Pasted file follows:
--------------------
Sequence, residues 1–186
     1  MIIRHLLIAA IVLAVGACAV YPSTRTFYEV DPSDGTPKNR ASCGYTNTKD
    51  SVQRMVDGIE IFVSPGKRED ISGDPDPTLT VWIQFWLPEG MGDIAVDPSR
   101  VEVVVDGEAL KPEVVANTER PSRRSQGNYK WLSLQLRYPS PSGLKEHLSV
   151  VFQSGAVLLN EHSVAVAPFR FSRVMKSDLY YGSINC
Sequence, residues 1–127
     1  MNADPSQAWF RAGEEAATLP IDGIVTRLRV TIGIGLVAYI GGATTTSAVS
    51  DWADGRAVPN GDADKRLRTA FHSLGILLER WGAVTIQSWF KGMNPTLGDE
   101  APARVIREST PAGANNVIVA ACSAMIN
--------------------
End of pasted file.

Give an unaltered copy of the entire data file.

Sequence, residues 1–186
     1  MIIRHLLIAA IVLAVGACAV YPSTRTFYEV DPSDGTPKNR ASCGYTNTKD
    51  SVQRMVDGIE IFVSPGKRED ISGDPDPTLT VWIQFWLPEG MGDIAVDPSR
   101  VEVVVDGEAL KPEVVANTER PSRRSQGNYK WLSLQLRYPS PSGLKEHLSV
   151  VFQSGAVLLN EHSVAVAPFR FSRVMKSDLY YGSINC
Sequence, residues 1–127
     1  MNADPSQAWF RAGEEAATLP IDGIVTRLRV TIGIGLVAYI GGATTTSAVS
    51  DWADGRAVPN GDADKRLRTA FHSLGILLER WGAVTIQSWF KGMNPTLGDE
   101  APARVIREST PAGANNVIVA ACSAMIN